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Ye fearful saints, fresh courage take, The clouds ye so much dread Are big with mercy, and shall break In blessings on your head.

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"Blind unbelief is sure to err, And scan his work in vain; God is His own interpreter, And He will make it plain.

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3. Secret scriptures also--from that enlightening day Christiana's Bible became full of them. Peter says that no prophecy is of any private interpretation; and, whatever he means by that, what he says must be true. But Christiana would have understood the apostle better if he had said the exact opposite of that,--if not about the prophecies, at least about the psalms. Leave the prophecies in this connection alone; but of the psalms it may safely be said that it is neither the literal nor the historical nor the mystical interpretation that gets at the heart of those supreme scriptures. It is the private, personal, and, indeed, secret interpretation that gets best at the deepest heart of the psalms. An old Bible came into my hands the other day--a Bible that had seen service--and it opened of its own accord at the Book of Psalms. On turning over the yellow leaves I found a date and a deep indentation opposite these words: "Commit thy way unto the Lord: trust also in Him: and He will bring it to pass." And as I looked at the figures on the margin, and at the underscored text, I felt as if I were on the brink of an old-world secret. "Create in me a clean heart" had a significant initial also; as had this: "The sacrifices of God are a broken spirit." The whole of the hundred-and-third psalm was bracketed off from all public interpretation; while the tenth, the cardinal verse of that secret psalm, had a special seal set upon it. Judging from its stains and scars and other accidents, the whole of the hundred-and-nineteenth psalm had been a special favourite; while the hundred-and-forty- third also was all broidered round with shorthand symbols. But the secret key of all those symbols and dates and enigmatical marks was no longer to be found; it had been carried away in the owner's own heart. But, my head being full of Christiana at the time, I felt as if I held her own old Bible in my hand as I turned over those ancient leaves.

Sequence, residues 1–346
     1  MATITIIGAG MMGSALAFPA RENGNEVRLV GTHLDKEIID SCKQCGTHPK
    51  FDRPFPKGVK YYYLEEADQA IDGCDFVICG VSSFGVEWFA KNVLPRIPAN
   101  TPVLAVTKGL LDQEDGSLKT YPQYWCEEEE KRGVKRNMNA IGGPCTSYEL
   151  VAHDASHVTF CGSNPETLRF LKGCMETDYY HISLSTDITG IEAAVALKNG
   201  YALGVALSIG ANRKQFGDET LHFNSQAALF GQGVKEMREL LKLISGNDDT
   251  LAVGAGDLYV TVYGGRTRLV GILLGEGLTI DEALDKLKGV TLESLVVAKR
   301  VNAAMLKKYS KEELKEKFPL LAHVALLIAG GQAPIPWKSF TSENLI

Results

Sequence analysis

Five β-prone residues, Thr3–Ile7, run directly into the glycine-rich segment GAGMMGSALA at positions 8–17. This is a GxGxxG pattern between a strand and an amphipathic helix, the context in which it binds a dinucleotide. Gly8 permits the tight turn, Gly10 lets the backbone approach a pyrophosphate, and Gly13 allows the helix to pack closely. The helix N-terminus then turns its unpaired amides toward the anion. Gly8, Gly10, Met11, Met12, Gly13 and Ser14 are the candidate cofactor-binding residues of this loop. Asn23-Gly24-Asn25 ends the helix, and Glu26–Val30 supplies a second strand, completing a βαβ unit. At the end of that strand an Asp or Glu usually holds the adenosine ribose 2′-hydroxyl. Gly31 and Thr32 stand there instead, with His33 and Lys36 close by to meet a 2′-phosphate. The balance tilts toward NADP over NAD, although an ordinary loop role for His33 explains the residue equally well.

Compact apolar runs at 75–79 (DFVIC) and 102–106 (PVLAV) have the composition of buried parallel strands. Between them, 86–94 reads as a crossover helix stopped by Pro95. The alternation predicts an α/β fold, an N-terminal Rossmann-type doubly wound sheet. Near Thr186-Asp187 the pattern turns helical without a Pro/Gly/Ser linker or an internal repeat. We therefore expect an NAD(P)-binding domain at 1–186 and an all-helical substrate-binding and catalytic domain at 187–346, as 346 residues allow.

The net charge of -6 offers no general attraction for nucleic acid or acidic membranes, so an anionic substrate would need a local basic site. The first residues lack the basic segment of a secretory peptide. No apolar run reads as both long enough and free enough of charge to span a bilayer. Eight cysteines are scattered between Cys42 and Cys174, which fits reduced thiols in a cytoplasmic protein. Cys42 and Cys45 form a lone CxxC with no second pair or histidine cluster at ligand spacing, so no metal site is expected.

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4. Our Lord so practised secrecy Himself in His fasting, in His praying, and in His almsgiving, and He makes so much of that same secrecy in all His teaching, as almost to make the essence of all true religion to stand in its secrecy. "When thou prayest," says our Lord, "shut thy door and pray in secret." As much as to say that we are scarcely praying at all when we are praying in public. Praying in public is so difficult that new beginners, like His disciples, have to practise that so difficult art for a long time in secret. Public prayer has so many besetting sins, it is open to so many temptations, distractions, and corruptions, that it is almost impossible to preserve the real essence of prayer in public prayer. But in secret all those temptations and distractions are happily absent. We have no temptation to be too long in secret prayer, or too loud, or too eloquent. Stately old English goes for nothing in secret prayer. We never need to go to our knees in secret trembling, lest we lose the thread of our prayer, or forget that so fit and so fine expression. The longer we are the better in secret prayer. Much speaking is really a virtue in secret prayer; much speaking and many repetitions. Also, we can put things into our secret prayers that we dare not come within a thousand miles of in the pulpit, or the prayer-meeting, or the family. We can enter into the most plain-spoken particulars about ourselves in secret. We can put our proper name upon ourselves, and upon our actions, and especially upon our thoughts when our door is shut. Then, again, we can pray for other people by name in secret; we can enter, so far as we know them, into all their circumstances in a way it is impossible to do anywhere but in the utmost secrecy. We can, in short, be ourselves in secret; and, unless it is to please or to impress men, we had better not pray at all unless we are ourselves when we are engaged in it. You can be yourself, your very worst self; nay, you must be, else you will not long pray in secret, and even if you did you would not be heard. I do not remember that very much is said in so many words in her after-history about Christiana's habits of closet-prayer. But that Secret taught her the way, and waited till she had tasted the sweetness and the strength of being a good while on her knees alone, I am safe to say; indeed, I read it between the lines in all her after-life. She was rewarded openly in a way that testifies to much secret prayer; that is to say, in the early conversion of her children, in the way they settled in life, and such like things. Pray much for those things in secret that you wish to possess openly.